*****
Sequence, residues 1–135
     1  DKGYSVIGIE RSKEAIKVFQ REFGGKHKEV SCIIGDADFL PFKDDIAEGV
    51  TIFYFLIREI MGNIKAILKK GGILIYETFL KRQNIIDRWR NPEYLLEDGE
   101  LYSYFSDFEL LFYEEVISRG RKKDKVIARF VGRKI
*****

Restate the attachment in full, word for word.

Sequence, residues 1–135
     1  DKGYSVIGIE RSKEAIKVFQ REFGGKHKEV SCIIGDADFL PFKDDIAEGV
    51  TIFYFLIREI MGNIKAILKK GGILIYETFL KRQNIIDRWR NPEYLLEDGE
   101  LYSYFSDFEL LFYEEVISRG RKKDKVIARF VGRKI